The Institute of Medicine (IOM) has researched how nursing as we know it will and is changing. They have written a report called “The Future of Nursing: Leading Change, Advancing Health” that outlines the impact of these changes on education, nursing practice, and nurses as leaders and made recommendations on the necessary changes.
Regarding the impact of education, practice and the nursing role as leaders, they have developed four key messages: “1) Nurses should practice to the full extent of their education and training, 2) Nurses should achieve higher levels of education and training through an improved education system that promotes seamless academic progression, 3) Nurses should be full partners, with physicians and other health care professionals, in redesigning health care in the United States and 4) Effective workforce planning and policy making require better data collection and information infrastructure” (Committee on the Robert Wood Johnson Foundation Initiative on the Future of Nursing, 2011). Impact on Education This IOM report strongly encourages our nursing population to obtain higher degrees. Not only does the committee prefer baccalaureate, master and doctorate prepared nurses, but they want to see our nursing population become more diverse. They want the nursing workforce to be leaders, able to meet the needs of all patients and able to deliver care at a higher standard.
Health policy and health care financing competencies need to be included in the curriculum as well as leader ship, quality improvement and systems thinking (Committee on the Robert Wood Johnson Foundation Initiative on the Future of Nursing, 2011). The committee has set a goal for 80% of nurses to have a minimum of a BSN by the year 2020. In order for this goal to be met, several changes in our education programs need to occur. One change is there will need to be an increase of qualified nursing instructors. In addition to needing more instructors is the need for more classroom space. One way of solving part of this problem is to make more online classes available. However, online classes cannot take the place of clinical sites. It is imperative for students to attend clinical sites that will allow them to experience acute care needs.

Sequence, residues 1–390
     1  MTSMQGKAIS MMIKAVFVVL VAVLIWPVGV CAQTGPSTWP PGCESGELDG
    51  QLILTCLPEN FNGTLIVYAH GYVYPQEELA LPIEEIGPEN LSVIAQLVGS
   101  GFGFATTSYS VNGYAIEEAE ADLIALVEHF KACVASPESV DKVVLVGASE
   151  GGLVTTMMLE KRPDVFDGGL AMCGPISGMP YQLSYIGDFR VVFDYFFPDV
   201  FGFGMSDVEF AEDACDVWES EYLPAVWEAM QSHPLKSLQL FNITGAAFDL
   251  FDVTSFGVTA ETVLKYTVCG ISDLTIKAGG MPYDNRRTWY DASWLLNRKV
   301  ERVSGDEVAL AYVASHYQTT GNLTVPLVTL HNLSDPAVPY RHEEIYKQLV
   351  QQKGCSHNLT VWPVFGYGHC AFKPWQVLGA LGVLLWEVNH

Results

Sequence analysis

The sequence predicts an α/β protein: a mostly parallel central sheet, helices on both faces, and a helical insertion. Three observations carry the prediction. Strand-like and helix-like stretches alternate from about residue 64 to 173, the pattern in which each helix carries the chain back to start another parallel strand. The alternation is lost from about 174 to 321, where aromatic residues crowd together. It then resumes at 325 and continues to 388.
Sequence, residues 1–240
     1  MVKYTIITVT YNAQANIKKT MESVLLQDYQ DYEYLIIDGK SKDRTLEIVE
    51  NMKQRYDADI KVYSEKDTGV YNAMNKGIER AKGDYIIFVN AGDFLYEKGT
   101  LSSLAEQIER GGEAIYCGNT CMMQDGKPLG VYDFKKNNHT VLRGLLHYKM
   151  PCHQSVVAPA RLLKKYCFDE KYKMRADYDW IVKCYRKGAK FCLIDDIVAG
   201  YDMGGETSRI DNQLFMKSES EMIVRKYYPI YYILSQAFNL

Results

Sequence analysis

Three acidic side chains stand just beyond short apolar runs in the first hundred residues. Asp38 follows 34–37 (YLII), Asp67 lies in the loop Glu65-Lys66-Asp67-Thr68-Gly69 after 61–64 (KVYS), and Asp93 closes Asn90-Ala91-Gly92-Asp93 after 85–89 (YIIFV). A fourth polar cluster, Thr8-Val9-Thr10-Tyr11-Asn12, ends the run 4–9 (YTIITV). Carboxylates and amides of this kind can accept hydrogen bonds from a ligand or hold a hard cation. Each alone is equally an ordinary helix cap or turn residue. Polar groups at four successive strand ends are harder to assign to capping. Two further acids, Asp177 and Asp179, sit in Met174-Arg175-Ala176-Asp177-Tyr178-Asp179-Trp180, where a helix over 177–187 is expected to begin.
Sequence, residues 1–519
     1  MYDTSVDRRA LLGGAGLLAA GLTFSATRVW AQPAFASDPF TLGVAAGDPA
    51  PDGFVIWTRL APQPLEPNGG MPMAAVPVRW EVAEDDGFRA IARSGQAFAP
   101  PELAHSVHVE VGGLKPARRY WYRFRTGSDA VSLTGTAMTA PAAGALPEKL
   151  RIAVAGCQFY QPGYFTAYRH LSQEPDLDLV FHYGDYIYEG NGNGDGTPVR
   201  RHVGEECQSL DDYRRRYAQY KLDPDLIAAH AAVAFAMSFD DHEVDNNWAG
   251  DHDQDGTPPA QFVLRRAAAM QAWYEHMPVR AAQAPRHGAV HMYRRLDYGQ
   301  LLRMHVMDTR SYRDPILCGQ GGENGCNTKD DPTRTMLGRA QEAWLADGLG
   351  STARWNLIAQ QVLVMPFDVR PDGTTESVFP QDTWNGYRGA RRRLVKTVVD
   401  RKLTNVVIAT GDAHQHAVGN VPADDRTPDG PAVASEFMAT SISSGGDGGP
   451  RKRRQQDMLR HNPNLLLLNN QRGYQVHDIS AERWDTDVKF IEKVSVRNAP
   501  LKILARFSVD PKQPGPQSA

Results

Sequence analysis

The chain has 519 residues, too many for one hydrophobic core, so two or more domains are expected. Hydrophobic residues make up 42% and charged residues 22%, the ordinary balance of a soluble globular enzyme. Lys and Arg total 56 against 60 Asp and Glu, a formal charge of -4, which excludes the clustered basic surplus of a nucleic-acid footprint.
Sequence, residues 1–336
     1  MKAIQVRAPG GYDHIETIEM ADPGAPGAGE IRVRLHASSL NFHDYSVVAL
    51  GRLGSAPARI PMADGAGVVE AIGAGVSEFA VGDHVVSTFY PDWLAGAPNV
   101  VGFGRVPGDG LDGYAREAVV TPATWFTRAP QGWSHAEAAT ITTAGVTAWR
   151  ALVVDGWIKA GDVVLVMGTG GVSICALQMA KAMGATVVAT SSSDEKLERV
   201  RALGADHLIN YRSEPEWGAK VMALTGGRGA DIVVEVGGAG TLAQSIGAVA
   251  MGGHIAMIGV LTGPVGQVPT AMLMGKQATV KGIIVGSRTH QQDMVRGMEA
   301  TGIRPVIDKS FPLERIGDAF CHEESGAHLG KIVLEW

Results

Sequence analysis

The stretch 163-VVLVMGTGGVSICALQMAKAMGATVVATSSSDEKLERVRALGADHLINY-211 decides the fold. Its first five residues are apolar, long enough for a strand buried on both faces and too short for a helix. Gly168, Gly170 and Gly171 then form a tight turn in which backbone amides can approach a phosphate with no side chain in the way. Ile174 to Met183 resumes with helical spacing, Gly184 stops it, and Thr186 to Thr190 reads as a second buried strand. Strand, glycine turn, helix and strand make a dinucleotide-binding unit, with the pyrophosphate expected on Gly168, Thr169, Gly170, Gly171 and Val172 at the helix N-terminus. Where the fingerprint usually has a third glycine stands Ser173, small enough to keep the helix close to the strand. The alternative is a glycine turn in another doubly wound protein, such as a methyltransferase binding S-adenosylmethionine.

Simulation in the classroom is a great supplement, in my opinion, but it cannot replace the educational experience of a hands-on, real-life situation. With an increase in nursing student population to meet the goals of the committee, more hospitals will need to accept nursing students into their facilities. Impact on Practice Nurses now have more opportunities in their career. They can return to school and expand their scope of practice, such as becoming a Nurse Practitioners (NP) or Advanced Practice Registered Nurse (APRN). States vary on their restriction for APRNs and NPs, but there is no evidence the states with higher restriction have better outcomes.
What is seen is higher technology in our hospitals, physicians combining office and hospital practice, shorter hospital stays, shorter hours for physicians resulting in safer patient care, increased primary care capacity, easier access to care for the underprivileged and those living in rural areas, care for the dying, coordinated care for those with chronic illnesses and the geriatric population, and increased access to specialty services (Committee on the Robert Wood Johnson Foundation Initiative on the Future of Nursing, 2011). One example is guided care. Guided care is designed for the chronically ill population that provides primary care through a Registered Nurse (RN) who has specialized training and works closely with several physicians to ease their patient load.